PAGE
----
Many wary Americans are convinced that today’s immigrants are fundamentally different than those who came to our country in the past. A look at the history, however, shows that today’s newcomers are not fundamentally different than Americans’ foreign-born grandparents, great-grandparents or even great-great-great grandparents.
First: Critics say today’s immigrants are more culturally isolated. Earlier waves of immigrants, the argument goes, had to learn English and assimilate. They could not “press two for Spanish” or use satellite TV or the Internet to isolate themselves from American culture.
Yet Irish, German, Italian, Slavic, Scandinavian and eastern European Jewish immigrants were just as isolated in their ethnic enclaves in the 19th and early 20th centuries. New York’s Kleindeutschland was so German, bragged one of its immigrant residents in the 1850s, that one could hardly tell it apart from Stuttgart. Half a century later, adult Italian immigrants rarely learned much English. “I didn’t need it,” one New Yorker explained. “Everywhere I lived, or worked, or fooled around there were only Italians.”
When pundits complain that today’s immigrants don’t assimilate like those in the past, they are harking back to a golden era of assimilation that never actually existed.
Second: Critics claim that the religious beliefs of today’s immigrants pose an unprecedented threat to American values. Muslim immigrants, it is said, cannot be good Americans because they owe ultimate allegiance to foreign leaders and seek to impose their religious views on others.
But Americans once said precisely the same things about Catholic immigrants. A Pennsylvania newspaper 150 years ago likened Catholic immigrants to a foreign army in our midst, waiting for the pope’s command to destroy Americans’ most valued institutions. Catholics would always remain separate from the rest of society, insisted an Ohioan. They cannot “really [be] Americans, but only residents in America.”
That every immigrant group viewed this way in the past has become an accepted part of the national fabric suggests that American Muslims will one day be fully accepted too.
Third: One might argue that the role of Muslims in recent American terror attacks could make it impossible for Muslim immigrants to gain acceptance the way past religious minorities have. Yet a century ago, Americans feared Italian immigrants were terrorists every bit as much as people today fear Muslims. In 1919, Italian immigrant anarchists launched a bombing campaign aimed at dozens of prominent Americans. A bomb targeting U.S. Senator Thomas Hardwick of Georgia blew off the hands of his housekeeper. A huge attack on Wall Street in 1920 killed 38 New Yorkers and wounded hundreds.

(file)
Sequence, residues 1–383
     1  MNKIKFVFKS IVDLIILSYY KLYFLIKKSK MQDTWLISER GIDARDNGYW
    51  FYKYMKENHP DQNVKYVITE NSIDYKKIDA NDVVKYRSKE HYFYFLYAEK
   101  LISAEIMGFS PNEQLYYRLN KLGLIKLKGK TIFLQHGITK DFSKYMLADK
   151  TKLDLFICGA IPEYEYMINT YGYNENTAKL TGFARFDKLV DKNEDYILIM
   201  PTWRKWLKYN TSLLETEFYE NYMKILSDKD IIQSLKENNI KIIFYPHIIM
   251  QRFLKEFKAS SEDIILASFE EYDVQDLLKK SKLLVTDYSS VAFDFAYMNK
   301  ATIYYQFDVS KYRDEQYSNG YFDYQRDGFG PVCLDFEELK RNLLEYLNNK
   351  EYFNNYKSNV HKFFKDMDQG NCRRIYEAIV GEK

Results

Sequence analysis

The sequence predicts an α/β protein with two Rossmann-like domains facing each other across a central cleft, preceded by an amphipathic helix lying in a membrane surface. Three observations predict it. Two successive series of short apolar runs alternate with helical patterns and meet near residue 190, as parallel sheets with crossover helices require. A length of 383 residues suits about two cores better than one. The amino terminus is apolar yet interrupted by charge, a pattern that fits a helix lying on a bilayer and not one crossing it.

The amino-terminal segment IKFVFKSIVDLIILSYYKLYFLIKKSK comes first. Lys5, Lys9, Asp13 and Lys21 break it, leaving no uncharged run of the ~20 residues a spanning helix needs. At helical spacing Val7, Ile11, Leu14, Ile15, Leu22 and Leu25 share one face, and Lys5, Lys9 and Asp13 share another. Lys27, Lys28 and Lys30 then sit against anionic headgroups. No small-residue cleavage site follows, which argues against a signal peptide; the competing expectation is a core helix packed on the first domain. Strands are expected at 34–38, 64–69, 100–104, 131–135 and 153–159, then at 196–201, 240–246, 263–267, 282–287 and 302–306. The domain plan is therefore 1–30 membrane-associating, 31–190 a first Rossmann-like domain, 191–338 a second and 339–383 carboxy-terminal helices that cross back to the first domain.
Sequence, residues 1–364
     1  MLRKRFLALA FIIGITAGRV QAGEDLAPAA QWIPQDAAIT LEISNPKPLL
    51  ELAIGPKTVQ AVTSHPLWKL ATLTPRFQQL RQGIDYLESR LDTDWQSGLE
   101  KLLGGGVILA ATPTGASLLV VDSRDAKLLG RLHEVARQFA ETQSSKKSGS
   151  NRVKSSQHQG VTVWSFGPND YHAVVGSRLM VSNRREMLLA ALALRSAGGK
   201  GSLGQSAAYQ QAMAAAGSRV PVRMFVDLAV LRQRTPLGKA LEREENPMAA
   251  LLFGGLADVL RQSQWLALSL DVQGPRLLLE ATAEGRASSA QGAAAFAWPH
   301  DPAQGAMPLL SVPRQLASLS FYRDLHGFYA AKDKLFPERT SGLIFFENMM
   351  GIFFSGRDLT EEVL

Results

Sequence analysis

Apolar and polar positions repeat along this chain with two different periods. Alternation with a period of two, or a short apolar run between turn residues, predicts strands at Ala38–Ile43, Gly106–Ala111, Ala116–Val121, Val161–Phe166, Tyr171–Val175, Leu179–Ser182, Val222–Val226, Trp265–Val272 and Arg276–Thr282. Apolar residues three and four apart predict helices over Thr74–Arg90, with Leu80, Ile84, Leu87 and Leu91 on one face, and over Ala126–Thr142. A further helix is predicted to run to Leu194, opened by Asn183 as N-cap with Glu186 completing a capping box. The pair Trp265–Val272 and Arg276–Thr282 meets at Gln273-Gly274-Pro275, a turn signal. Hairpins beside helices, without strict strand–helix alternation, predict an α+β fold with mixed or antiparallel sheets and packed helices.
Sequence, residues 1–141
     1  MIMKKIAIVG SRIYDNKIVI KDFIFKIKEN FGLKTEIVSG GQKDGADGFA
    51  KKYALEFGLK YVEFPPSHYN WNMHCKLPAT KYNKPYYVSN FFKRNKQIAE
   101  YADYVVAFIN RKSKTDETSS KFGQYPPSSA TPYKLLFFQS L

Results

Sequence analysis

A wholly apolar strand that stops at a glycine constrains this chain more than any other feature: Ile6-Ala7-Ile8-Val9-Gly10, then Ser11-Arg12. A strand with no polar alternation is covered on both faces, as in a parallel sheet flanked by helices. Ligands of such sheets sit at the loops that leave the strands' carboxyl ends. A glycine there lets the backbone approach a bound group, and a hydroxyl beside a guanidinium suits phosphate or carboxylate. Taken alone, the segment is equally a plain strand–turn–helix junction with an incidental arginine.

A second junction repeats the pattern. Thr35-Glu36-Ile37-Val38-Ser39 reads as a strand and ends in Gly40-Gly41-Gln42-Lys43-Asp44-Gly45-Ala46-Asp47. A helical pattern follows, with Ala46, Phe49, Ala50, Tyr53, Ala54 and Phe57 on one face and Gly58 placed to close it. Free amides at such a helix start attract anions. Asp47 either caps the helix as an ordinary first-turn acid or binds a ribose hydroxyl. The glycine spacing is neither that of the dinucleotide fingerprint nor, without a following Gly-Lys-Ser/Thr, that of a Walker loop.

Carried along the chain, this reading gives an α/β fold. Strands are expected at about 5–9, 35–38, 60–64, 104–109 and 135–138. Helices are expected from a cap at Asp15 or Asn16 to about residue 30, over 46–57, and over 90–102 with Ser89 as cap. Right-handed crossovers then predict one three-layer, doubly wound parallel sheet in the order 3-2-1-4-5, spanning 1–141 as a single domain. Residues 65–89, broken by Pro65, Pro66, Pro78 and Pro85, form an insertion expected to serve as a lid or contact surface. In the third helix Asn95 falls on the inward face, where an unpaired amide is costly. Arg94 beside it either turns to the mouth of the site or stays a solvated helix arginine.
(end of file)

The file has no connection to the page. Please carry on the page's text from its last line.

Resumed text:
Nonetheless, Italian Americans eventually overcame the prejudice against them stemming from these attacks, and there is no reason to believe that Muslim Americans won’t do the same.
Fourth: A common charge is that contemporary immigrants eagerly take government “handouts” while previous generations of newcomers were rugged individualists who would not have accepted such assistance even if it had been available to them. Nothing could be further from the truth. Even before the advent of the New Deal, state, municipal and quasi-governmental programs gave assistance to millions of immigrants. In 19th-century New York, the Democratic Party organization, Tammany Hall, doled out government jobs to both natives and immigrants who had been thrown out of work.
Fifth: A final complaint about today’s immigrants is that too many of them enter the country illegally rather than “wait on line” like previous generations of newcomers did.
In truth, there was no immigration “line” for most of American history. Any immigrant who wanted to come to the United States could do so without any wait at all. East Asians were a notable exception — for long periods, they were banned altogether. But otherwise, even after Americans began imposing various medical and financial tests on immigrants, 98 to 99 percent of Europeans and North Americans who wanted to come to the United States could immigrate whenever they chose to do so. When the U.S. imposed restrictions on southern and eastern Europeans immigrants in the 1920s, several million entered the country illegally. Very few Americans have ancestors who waited in an immigration line for their turn to become Americans.
From the days of the Puritans to the present, every generation of Americans has believed that the latest wave of immigrants is completely different from — and inferior to — their own immigrant ancestors and could never become true Americans. Fear of new immigrants may be part of the American character, but so too is the ability to overcome that fear.
Tyler Anbinder is a professor of history at George Washington University and the author of City of Dreams: The 400-Year Epic History of Immigrant New York.
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